What Are the Biggest Gambling Losses Ever Recorded?

Losing is part of gambling, but some players learn the hard way. No matter how good of a player you are, there’s no escaping the house edge. These odds ensure that casinos make their money, which means if you gamble long enough the house always wins. While this is a daunting fact for most players, some didn’t care. These players fueled their gambling addictions with outrageous amounts of cash. They weren’t playing smart, so these wannabe high rollers paid a hefty price for their ignorance. Here are some great gambling losses.

While some people have money to lose, it’s easy to go overboard at the casino. It’s possible to lose unfathomable amounts of money in mere hours, which is a dangerous combination for rich players. The dangers of gambling addiction are real, so it’s important to examine the biggest gambling losses of all-time. These players weren’t thinking, so we need to do ourselves a favor & learn from their mistakes. The blunders listed below are outrageous, so prepare to be blown away by these heavy losses!

Biggest Gambling Losses of All-Time

Gambling Loss #3: $13 Million (Maureen O’Connor)

Gambling Loss #3: $13 Million (Maureen O'Connor)
Gambling Loss #3: $13 Million (Maureen O’Connor)

Maureen O’Connor is the only woman on this list. She was serving as the mayor of San Diego at the time of her great gambling loss! 

$13 million is a huge sum, but considering that she gambled over $1 billion, it’s actually quite impressive that she kept her losses so low. O’Connor’s gambling habit was clearly a serious one, to the extent that she had to borrow $2 million from her second husband’s charitable foundation, only to spend it all on Video Poker. 

She served well as mayor and achieved much in her career through hard work and merit. And to her credit, she paid her gambling debt in full—which was no small feat.

Gambling Loss #2: $204 million (Terry Watanabe)

Gambling Addictions
An entire family fortune went down the drain…

This Nebraska-born businessman was the heir to a bustling empire. His father was the founder of the Oriental Trading Company. Under his guidance, the company flourished into an international powerhouse. Unfortunately for the investors, Terry Watanabe was not the same class of businessman as his father. Instead of making wise decisions, his gambling addiction ran the once vibrant company into the ground.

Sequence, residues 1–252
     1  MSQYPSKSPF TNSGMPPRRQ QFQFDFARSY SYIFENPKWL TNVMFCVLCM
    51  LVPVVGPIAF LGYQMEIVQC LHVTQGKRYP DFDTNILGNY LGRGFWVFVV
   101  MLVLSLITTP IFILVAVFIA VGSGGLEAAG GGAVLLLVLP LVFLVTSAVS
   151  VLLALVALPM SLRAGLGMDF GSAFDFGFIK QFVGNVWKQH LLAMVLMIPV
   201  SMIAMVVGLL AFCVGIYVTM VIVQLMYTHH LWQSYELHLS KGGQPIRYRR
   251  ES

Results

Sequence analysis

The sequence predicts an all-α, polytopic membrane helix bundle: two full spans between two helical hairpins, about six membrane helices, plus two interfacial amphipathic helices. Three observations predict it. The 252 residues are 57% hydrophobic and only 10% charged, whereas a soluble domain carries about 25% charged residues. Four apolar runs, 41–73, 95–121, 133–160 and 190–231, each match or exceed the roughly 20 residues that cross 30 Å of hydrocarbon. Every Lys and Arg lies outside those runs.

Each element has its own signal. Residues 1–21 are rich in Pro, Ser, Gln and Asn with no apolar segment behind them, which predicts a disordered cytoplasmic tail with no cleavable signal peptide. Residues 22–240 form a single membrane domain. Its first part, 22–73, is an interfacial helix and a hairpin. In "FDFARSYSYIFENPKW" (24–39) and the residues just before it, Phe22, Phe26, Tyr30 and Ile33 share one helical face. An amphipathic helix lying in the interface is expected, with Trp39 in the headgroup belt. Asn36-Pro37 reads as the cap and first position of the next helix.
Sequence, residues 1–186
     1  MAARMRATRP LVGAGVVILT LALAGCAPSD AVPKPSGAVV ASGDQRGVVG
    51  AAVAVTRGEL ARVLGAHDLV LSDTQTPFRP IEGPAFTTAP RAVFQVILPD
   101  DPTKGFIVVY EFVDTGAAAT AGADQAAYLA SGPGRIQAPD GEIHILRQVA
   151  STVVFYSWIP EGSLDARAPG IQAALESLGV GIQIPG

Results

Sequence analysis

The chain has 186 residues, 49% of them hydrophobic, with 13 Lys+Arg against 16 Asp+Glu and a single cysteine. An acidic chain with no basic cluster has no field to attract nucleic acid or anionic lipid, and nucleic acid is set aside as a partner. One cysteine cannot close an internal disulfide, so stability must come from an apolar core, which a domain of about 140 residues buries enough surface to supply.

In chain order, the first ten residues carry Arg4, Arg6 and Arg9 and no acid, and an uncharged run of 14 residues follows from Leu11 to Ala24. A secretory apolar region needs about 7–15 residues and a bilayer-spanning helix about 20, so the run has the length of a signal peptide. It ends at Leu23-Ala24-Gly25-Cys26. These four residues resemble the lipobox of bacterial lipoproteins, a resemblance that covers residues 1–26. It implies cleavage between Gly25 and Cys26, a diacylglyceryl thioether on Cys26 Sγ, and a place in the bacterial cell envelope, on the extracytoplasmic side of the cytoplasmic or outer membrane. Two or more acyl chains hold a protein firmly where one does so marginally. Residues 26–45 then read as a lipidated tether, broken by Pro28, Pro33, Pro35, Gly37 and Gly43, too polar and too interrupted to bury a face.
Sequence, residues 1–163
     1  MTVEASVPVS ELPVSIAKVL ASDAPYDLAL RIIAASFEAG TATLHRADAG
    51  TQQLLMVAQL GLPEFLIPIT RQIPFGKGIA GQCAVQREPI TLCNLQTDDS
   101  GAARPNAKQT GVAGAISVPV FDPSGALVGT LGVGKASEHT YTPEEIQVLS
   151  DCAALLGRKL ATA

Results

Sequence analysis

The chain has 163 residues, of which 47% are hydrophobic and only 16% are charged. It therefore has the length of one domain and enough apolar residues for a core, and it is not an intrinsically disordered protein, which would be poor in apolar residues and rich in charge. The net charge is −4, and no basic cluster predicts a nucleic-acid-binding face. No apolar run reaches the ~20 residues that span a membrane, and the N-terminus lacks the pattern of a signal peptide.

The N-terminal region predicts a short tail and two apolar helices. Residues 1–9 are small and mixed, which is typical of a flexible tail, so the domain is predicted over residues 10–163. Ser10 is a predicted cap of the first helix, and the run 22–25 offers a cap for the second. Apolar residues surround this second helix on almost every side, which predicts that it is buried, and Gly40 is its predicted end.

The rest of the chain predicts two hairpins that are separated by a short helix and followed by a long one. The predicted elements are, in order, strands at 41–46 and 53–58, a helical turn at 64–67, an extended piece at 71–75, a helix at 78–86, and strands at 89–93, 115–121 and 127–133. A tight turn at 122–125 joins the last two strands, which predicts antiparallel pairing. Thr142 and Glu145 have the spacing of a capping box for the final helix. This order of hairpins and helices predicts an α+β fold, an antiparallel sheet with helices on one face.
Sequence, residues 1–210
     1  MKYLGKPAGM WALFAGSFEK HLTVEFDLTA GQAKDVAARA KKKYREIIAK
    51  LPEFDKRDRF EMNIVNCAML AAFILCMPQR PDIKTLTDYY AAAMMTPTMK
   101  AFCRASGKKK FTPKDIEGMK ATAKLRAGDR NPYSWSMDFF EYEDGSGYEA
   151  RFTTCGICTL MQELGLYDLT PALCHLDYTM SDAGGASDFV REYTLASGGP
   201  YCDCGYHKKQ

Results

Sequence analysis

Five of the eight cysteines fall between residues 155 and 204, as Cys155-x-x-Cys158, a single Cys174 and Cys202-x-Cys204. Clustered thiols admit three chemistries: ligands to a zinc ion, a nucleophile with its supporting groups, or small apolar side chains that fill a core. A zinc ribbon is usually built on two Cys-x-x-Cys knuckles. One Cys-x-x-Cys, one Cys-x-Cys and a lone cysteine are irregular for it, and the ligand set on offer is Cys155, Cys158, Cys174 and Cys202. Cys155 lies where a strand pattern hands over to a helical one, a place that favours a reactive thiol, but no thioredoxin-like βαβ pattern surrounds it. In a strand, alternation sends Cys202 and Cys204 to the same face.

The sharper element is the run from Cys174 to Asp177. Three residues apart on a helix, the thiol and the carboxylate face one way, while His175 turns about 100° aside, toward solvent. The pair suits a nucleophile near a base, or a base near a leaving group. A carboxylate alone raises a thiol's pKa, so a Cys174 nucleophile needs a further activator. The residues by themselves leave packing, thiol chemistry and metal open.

In 2007 alone, he lost $204 million at Caesar’s Palace & The Rio in Las Vegas. This was no minor loss since his wild spending accounted for 5.6% of casino giant Harrah’s Entertainment’s revenue that year. Employees say that Terrance would gamble for 24 hours straight, losing as much as $5 million a day. Even though this level of spending is unimaginable, it’s entirely possible at a casino.

Terrence claimed that the casino promoted his excessive spending. In 2008, he refused to pay the $14.7 million that they had given him as to credit. He claimed that they knew he was intoxicated & gave him prescription pain pills to keep gambling. These wild allegations were collaborated by casino staff, so the case didn’t get resolved in court. The two parties settled privately before the judge could rule on the case. This is a prime example of someone with too much money that completely lost control.

Gambling Loss #1: $1.5 Billion (Harry Kakavas)

gambling losses
This tycoon single handedly funded an entire casino.

Kakavas may have been the king of real estate in Australia, but his gambling addiction nearly erased his fortune. In 2005-2006 he spent a staggering $1.5 billion at the Melbourne Crown Casino. At the height of his spree, he lost $164 million in less than 6 hours. These horrific losses made him turn to crime, & he was briefly jailed for stealing $286,000 from investors to support his habit.

He ended up suing the casino, claiming that they promoted his wild spending. Allegedly they catered to him & let him use the casino’s private jet. This wasn’t enough to convince the judge, who quickly dismissed his case. Everyone needs to know when to quit, but many won’t know until they are facing a judge in court.

About the author

Nathaniel Mansfield